Thoughts from Mother’s Day, and I’m making progress

I wrote this on Mother’s Day, and thought I posted it, but it didn’t post:

It is a day to honor mothers. Most years, I only notice honoring of women who have given birth to children who are still here. This year, maybe because I was vocal on facebook about my motherhood status, I have seen more acknowledgement of mothers whose motherhood doesn’t look like the regular, expected kind. It feels validating, and that’s nice.

I was anticipating a very difficult day, since my only children are gone. Therefore, it was a difficult week. I cried and moped quite a bit.

I also had hoped to find out this week that I was pregnant, but once again, I found the opposite. It hasn’t been that many months this go-round, but it being the sixth time trying to get pregnant, with no births and four deaths, every month of failure, of delay, is another reminder of what I do not have. Of what I don’t know if I will ever have. My child; to hold, to raise, to see grow, who will call me mom.

Meanwhile, my therapy is going really well. I’m learning to be mindful in everyday life. To pay attention to my emotions, where they come from and what they are urging me to do. To decide to act in ways that are more effective. I’m learning a lot of different ways to tolerate distress without hiding myself in the basement zoning out in front of the TV, or eating way too much, or both. The ways are mainly distracting myself until it gets better.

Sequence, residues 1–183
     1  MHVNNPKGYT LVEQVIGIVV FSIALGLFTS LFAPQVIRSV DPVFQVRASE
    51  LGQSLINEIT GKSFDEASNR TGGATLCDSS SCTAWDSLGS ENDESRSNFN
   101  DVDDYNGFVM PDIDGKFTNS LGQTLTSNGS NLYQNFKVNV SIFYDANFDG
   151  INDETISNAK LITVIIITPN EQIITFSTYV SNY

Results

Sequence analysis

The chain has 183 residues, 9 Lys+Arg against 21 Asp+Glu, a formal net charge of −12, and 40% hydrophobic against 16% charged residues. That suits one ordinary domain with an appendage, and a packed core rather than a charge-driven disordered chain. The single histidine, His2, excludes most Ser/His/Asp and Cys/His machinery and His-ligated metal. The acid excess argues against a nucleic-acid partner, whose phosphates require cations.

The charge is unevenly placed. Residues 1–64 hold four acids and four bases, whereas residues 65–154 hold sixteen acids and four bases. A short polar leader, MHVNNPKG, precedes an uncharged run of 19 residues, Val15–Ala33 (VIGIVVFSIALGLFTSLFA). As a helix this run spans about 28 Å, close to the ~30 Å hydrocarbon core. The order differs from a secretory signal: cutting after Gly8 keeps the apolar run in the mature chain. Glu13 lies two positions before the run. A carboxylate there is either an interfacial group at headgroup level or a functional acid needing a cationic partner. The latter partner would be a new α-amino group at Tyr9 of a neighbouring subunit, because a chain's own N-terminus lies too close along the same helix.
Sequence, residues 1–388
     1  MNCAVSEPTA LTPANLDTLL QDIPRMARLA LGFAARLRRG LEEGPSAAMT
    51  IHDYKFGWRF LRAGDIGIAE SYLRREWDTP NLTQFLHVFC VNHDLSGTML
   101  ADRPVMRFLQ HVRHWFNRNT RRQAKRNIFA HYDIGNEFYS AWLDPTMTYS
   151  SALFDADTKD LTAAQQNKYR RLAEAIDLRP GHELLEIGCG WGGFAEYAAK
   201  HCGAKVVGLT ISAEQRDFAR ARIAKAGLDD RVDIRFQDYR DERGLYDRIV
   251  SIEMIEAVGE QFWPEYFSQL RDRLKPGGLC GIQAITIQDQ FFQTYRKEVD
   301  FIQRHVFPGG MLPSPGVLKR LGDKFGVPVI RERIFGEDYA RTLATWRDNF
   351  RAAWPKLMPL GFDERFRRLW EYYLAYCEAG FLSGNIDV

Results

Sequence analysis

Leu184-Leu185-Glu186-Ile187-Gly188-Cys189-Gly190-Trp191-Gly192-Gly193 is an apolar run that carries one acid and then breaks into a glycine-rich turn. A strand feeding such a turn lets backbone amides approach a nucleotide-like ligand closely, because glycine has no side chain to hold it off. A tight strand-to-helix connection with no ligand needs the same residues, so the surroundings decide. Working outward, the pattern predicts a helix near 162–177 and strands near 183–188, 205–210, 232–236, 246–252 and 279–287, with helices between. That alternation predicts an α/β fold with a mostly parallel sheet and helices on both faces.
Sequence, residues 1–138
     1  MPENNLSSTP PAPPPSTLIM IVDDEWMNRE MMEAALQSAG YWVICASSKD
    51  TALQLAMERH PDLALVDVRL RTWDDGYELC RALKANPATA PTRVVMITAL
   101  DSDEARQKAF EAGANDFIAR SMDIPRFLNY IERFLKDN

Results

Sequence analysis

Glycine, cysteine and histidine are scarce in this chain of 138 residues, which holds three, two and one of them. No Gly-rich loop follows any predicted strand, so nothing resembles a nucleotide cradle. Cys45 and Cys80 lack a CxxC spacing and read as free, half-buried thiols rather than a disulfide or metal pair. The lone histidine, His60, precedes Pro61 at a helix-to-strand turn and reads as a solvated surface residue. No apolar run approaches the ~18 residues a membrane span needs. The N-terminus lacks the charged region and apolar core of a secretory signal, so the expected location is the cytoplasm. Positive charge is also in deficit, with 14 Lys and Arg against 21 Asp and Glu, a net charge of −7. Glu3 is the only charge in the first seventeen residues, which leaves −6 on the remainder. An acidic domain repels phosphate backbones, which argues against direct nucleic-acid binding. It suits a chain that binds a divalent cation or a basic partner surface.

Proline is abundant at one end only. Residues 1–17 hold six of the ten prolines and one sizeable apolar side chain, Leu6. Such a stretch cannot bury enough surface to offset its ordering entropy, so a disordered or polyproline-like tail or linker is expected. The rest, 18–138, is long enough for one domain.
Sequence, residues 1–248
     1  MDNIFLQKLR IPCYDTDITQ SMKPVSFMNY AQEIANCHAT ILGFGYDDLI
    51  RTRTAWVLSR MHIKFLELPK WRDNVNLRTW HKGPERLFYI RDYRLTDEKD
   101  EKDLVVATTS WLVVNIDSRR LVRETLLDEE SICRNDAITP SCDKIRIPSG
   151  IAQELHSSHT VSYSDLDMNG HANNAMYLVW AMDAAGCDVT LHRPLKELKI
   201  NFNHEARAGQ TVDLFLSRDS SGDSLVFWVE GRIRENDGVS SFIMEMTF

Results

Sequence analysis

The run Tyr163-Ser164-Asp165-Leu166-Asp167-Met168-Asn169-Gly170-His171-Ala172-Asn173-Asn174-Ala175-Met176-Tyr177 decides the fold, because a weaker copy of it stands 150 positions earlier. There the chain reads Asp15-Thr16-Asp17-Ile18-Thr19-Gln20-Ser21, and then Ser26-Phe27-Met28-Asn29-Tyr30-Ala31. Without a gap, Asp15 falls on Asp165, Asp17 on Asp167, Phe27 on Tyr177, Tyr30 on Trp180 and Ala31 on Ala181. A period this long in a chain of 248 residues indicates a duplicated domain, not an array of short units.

Most importantly, the skill I’ve learned from my Dialectical Behavior Therapy is what’s called Radical Acceptance. I had read a little about it pretty soon after I started DBT, and I was certain it was never going to happen. I mean, just accept that all my babies were dead and pretend it’s fine? NO.

It’s way more nuanced than that. It is complete acceptance, but not saying it’s ok, or that I like it. It is the acknowledgement that the things that have happened are my reality, and they cannot be changed. My being angry and bitter that my children are gone was never going to bring them back. There is no way to get them back. My anger only served to cause me suffering. So, it started to seem like maybe it wasn’t the best thing to keep in my head.

I feel so much lighter. The world is not as dark and terrible as it was. A lot of things still suck, but a lot of things are good, and it’s ok to enjoy them. It’s not a betrayal of my children. I will always believe that the last five years would have been happier if I had gotten to keep them with me, even one of them, but nothing can ever change what has happened and what is, I can only change how long I let it keep me from living a life worth living.

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2 thoughts on “Thoughts from Mother’s Day, and I’m making progress

  1. My Beth, I can see that you are better. You need this time to get healthy. I, too, miss my grandbabies. But you know that. We can hope and cry together. I love you, favorite child of mine.

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